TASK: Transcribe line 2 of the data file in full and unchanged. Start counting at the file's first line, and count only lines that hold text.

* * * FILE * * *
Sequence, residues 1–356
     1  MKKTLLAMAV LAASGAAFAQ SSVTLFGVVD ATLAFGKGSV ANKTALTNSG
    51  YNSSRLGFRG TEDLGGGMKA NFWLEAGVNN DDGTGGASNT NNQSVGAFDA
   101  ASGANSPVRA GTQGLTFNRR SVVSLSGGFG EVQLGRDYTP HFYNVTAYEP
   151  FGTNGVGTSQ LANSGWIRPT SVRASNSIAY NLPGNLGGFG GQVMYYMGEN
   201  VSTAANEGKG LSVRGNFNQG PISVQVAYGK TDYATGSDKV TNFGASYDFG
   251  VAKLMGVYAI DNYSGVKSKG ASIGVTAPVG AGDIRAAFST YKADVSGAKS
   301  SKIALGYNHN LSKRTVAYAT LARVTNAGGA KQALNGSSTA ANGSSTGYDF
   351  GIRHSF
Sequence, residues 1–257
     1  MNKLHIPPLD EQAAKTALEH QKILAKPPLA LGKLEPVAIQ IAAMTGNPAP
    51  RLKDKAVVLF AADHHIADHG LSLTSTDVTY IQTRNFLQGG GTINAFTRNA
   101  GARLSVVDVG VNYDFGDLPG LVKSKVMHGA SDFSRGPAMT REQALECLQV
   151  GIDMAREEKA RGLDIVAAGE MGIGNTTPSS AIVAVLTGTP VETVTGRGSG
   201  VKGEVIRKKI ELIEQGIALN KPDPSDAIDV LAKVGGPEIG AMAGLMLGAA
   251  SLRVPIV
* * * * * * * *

     1  MKKTLLAMAV LAASGAAFAQ SSVTLFGVVD ATLAFGKGSV ANKTALTNSG